The shape of acoustic musical instruments, their structure, the materials used, and other elements of their design have a major effect on their tone. For this reason, Yamaha evolves its instruments by using measuring and simulation technologies to study how the various parts of instruments vibrate and how the final sound is made.
Acoustic Analysis at Yamaha
Yamaha is the largest manufacturer of musical instruments in the world, and engages in a range of research and development related to sound for acoustic instruments, digital instruments, speakers and listening across many different applications.
Yamaha creates acoustic design for the engine of the LEXUS LFA
Scientific analysis of sound, and research and design of products for better sound
For acoustic product development, we make constant efforts to define and quantify the correlation between design specifications and vibration, and between the physical properties of an object and its sonic characteristics.
Product research and design for acoustic guitars
Although they look simple, acoustic guitars are complicated structures and their acoustic design requires the designer to take a wide range of factors into account.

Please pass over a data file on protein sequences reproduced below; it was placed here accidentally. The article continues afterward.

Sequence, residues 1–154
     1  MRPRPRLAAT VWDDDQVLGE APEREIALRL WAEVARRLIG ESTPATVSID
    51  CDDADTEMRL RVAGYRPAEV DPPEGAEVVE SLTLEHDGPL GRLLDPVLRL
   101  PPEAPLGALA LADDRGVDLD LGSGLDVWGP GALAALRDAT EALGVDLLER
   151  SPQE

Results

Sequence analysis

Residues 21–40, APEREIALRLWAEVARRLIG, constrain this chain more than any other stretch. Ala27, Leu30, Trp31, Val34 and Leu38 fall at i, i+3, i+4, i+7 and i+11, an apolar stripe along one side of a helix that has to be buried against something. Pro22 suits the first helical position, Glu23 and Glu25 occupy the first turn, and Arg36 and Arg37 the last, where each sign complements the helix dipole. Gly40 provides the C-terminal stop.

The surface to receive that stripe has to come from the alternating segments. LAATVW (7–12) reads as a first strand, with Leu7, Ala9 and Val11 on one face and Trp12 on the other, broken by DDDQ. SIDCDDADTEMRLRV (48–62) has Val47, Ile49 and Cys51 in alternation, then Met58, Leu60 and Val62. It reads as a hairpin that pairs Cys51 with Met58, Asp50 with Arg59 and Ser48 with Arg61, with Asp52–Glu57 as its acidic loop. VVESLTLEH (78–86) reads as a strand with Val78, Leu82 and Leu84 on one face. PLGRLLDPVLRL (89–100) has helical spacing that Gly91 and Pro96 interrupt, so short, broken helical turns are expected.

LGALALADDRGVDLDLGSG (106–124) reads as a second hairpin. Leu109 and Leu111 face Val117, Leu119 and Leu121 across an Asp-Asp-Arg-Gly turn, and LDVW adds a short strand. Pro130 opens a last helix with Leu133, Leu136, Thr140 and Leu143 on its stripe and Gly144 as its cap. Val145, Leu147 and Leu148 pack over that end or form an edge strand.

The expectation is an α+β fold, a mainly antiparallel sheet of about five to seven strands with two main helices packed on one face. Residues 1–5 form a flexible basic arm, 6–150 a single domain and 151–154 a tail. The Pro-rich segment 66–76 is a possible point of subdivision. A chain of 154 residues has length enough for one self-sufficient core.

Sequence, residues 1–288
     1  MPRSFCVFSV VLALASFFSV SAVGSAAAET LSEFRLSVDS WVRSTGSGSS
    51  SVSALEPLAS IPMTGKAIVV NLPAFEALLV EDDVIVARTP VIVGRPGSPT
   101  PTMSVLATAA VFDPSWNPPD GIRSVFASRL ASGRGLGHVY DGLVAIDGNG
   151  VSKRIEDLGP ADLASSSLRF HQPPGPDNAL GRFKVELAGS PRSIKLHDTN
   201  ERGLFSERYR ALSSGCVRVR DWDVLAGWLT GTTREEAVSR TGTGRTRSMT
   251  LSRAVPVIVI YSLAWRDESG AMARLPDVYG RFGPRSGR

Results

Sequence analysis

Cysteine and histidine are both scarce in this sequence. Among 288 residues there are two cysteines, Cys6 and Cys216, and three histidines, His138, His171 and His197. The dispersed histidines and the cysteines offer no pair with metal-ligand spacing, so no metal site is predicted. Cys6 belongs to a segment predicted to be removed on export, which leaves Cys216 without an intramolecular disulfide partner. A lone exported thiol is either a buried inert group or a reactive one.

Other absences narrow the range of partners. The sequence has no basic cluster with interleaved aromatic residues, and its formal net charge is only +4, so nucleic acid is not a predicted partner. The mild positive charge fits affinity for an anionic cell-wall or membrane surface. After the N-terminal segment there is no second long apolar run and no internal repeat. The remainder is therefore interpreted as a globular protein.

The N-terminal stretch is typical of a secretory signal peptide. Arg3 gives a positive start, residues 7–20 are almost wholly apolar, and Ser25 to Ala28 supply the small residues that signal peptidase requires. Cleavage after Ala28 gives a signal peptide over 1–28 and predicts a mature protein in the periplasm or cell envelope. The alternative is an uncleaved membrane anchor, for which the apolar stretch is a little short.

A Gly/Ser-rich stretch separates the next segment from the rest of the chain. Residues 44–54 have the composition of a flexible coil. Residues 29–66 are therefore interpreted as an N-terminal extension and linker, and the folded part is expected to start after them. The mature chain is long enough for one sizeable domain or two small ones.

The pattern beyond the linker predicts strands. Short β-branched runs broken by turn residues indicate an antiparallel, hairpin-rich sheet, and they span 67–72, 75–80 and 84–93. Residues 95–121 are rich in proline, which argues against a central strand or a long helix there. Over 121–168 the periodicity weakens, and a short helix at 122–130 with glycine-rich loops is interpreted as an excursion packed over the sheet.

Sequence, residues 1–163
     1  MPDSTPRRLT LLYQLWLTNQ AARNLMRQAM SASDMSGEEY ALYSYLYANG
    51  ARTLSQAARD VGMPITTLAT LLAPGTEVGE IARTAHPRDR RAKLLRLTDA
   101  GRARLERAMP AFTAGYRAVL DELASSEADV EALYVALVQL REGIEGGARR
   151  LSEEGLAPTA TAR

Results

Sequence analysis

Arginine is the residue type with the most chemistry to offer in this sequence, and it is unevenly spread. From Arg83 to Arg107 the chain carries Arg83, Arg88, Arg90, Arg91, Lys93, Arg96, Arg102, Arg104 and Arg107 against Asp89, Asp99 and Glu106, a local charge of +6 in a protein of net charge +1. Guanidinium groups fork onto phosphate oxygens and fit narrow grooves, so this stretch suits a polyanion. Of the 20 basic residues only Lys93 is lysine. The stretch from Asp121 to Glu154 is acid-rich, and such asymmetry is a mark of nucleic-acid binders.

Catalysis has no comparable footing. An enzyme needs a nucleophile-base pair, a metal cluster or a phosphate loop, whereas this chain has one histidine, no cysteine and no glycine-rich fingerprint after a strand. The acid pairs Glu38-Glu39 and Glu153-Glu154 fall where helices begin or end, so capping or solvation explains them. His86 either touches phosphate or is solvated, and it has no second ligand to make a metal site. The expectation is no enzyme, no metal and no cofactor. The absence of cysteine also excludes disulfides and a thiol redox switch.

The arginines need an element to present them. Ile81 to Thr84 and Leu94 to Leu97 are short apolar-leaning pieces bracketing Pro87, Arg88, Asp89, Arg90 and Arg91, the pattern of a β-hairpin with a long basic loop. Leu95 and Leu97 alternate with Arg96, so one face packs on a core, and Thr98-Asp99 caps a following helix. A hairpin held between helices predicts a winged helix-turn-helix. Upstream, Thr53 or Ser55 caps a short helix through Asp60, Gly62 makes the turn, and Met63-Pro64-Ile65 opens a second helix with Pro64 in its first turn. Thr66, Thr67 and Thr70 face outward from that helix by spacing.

To support the experience of guitar designers and builders, we work to organize and define the relationship between design elements of guitars and their acoustic characteristics. We apply measurement techniques and numerical analysis to the know-how of experienced designers and luthiers to provide a visual representation of acoustic and vibration characteristics and identify what changes to certain design elements would produce specific tonal characteristics.
1) Measurement of acoustic and vibration characteristics
Yamaha possesses cutting-edge acoustic property analysis technology, and utilizes this equipment to perform in-depth analysis of the acoustic characteristics of guitars in order to obtain data that is used in product development.
Yamaha has developed proprietary simulation techniques for use in designing guitars that allow us to use a computer to control and design the sound of a guitar virtually, before the first chisel touches any wood.
This simulation technology enables us to understand the physical phenomena behind a guitar’s tone, and clearly identify the particular physical characteristics of a great guitar. These characteristics are then applied to real-world prototypes, with listening tests used to determine the final designs. The computer simulation techniques are much more efficient that trial and error when trying to pinpoint a certain tonal characteristic, but there’s no substitute for great ears when it comes to the final decision of what sounds good.
3) Product development
In the development of the new L, FG, A Series and CSF guitars, we used a combination of simulation and real-world measurements, together with many listening tests, to determine the sound, and therefore the construction, of each guitar.
RESEARCH AND DEVELOPMENT
ACOUSTIC GUITAR ANATOMY
ELECTRIC GUITAR ANATOMY
MAINTENANCE: CHANGING YOUR STRINGS